How to control holding force of electromagnet
Close
Login to Your Account
Results 1 to 14 of 14
  1. #1
    Join Date
    May 2011
    Location
    The Buckeye State USA
    Posts
    193
    Post Thanks / Like
    Likes (Given)
    15
    Likes (Received)
    20

    Default How to control holding force of electromagnet

    I have an electromagnetic chuck on my surface grinder. 6X12 Electro-Matic with an old tube powered dc rectifier. My question is can I add a device in line to control the power of the magnet? Would a variac control work? If so would it be used on the ac input side or dc output side. Appreciate any help or suggestions. I will add that this is for a hobby application so Im not looking to spend a bunch of $$on a new chuck and or rectifier.
    Thanks

  2. #2
    Join Date
    Nov 2013
    Location
    Eastern Massachusetts, USA
    Posts
    5,762
    Post Thanks / Like
    Likes (Given)
    5328
    Likes (Received)
    5447

    Default

    Quote Originally Posted by Sea Sick Steve View Post
    I have an electromagnetic chuck on my surface grinder. 6X12 Electro-Matic with an old tube powered dc rectifier. My question is can I add a device in line to control the power of the magnet? Would a variac control work? If so would it be used on the ac input side or dc output side. Appreciate any help or suggestions. I will add that this is for a hobby application so Im not looking to spend a bunch of $$on a new chuck and or rectifier.
    Thanks
    Variac should work - ac side only. A variac is a type of autotransformer and transformers only work with ac.

    An autotransformer is a transformer with a primary winding only (no secondaries). There are taps for different voltages (which may be higher voltage than the input). Instead of taps a variac has a low resistance wiper that runs across an exposed section of the windings.

  3. #3
    Join Date
    Mar 2011
    Location
    Geneva Illinois USA
    Posts
    6,452
    Post Thanks / Like
    Likes (Given)
    2826
    Likes (Received)
    2535

    Default

    The tube unit should have a means of controlling the force other than just on or off. Also, most units had a demagnetizing mode that resets the iron to neutral. Straight dc units will leave residual magnetism. The demag circuit momentarily applied a AC voltage to the magnetic decayed gradually.

    Tom

  4. #4
    Join Date
    Sep 2011
    Country
    GERMANY
    Posts
    3,154
    Post Thanks / Like
    Likes (Given)
    2038
    Likes (Received)
    1145

    Default

    I would think that feeding your old tube powered dc rectifier the wrong input voltage (as you would get from a variac in-line with the input power) is likely to damage it. That tube-powered rectifier has transformers in it which (for example) provide power to the filaments of the tubes. Feeding in the wrong voltage will then give the wrong filament voltages to the tubes, and they won't work correctly. As Tom suggests, look for another solution.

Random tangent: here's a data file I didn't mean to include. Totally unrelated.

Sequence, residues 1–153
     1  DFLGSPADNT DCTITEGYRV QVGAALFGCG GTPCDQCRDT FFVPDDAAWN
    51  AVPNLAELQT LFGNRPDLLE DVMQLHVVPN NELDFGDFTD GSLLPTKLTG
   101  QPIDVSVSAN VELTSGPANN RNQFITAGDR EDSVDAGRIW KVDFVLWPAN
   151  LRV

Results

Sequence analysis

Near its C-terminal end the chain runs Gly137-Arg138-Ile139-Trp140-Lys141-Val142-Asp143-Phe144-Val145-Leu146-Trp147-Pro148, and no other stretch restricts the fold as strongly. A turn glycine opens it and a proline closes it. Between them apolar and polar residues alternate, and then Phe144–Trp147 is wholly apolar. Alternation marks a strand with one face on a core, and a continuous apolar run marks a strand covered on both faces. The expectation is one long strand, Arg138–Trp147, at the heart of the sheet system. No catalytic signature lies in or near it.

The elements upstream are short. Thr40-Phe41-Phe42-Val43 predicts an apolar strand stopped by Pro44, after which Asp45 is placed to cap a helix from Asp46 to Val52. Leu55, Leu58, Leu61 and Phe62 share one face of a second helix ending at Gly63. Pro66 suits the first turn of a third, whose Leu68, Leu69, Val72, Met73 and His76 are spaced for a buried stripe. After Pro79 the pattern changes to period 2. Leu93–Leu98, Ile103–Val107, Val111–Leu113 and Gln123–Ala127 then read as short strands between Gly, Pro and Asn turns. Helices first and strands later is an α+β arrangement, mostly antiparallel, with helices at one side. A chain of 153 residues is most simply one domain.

5. Likes Paolo_MD liked this post
  6. #5
    Join Date
    Jul 2005
    Location
    central Illinois
    Posts
    248
    Post Thanks / Like
    Likes (Given)
    1188
    Likes (Received)
    99

    Default

    Steve,

    Can you just eliminate the old original power source to the chuck, I'm assuming it's an external unit(?).

    On my Thompson 6F grinder, I just use a variac rectified by one of those little cheap 4 terminal rectifiers. I also mounted a volt gage on the machine, but wasn't necessary as it seems to read the same as variac dial. Been working a treat for 30 years.

    Those chucks don't require many watts of power.

    Best of luck to you/ Gus

  7. #6
    Join Date
    Nov 2013
    Location
    Eastern Massachusetts, USA
    Posts
    5,762
    Post Thanks / Like
    Likes (Given)
    5328
    Likes (Received)
    5447

    Default

    Quote Originally Posted by ballen View Post
    I would think that feeding your old tube powered dc rectifier the wrong input voltage (as you would get from a variac in-line with the input power) is likely to damage it. That tube-powered rectifier has transformers in it which (for example) provide power to the filaments of the tubes. Feeding in the wrong voltage will then give the wrong filament voltages to the tubes, and they won't work correctly. As Tom suggests, look for another solution.
    Good point. I forgot he said it was a tube rectifier.

  8. #7
    Join Date
    May 2011
    Location
    The Buckeye State USA
    Posts
    193
    Post Thanks / Like
    Likes (Given)
    15
    Likes (Received)
    20

    Default

    Quote Originally Posted by TDegenhart View Post
    The tube unit should have a means of controlling the force other than just on or off. Also, most units had a demagnetizing mode that resets the iron to neutral. Straight dc units will leave residual magnetism. The demag circuit momentarily applied a AC voltage to the magnetic decayed gradually.

    Tom
    I have attached a pic of the rectifier I do not see a means by which the force can be adjusted The thing in the lower left is a broken bulb that indicates power on
    Is there a component that i can add?
    img_3411.jpg

  9. #8
    Join Date
    May 2011
    Location
    The Buckeye State USA
    Posts
    193
    Post Thanks / Like
    Likes (Given)
    15
    Likes (Received)
    20

    Default

    Quote Originally Posted by gusmadison View Post
    Steve,

    Can you just eliminate the old original power source to the chuck, I'm assuming it's an external unit(?).

    On my Thompson 6F grinder, I just use a variac rectified by one of those little cheap 4 terminal rectifiers. I also mounted a volt gage on the machine, but wasn't necessary as it seems to read the same as variac dial. Been working a treat for 30 years.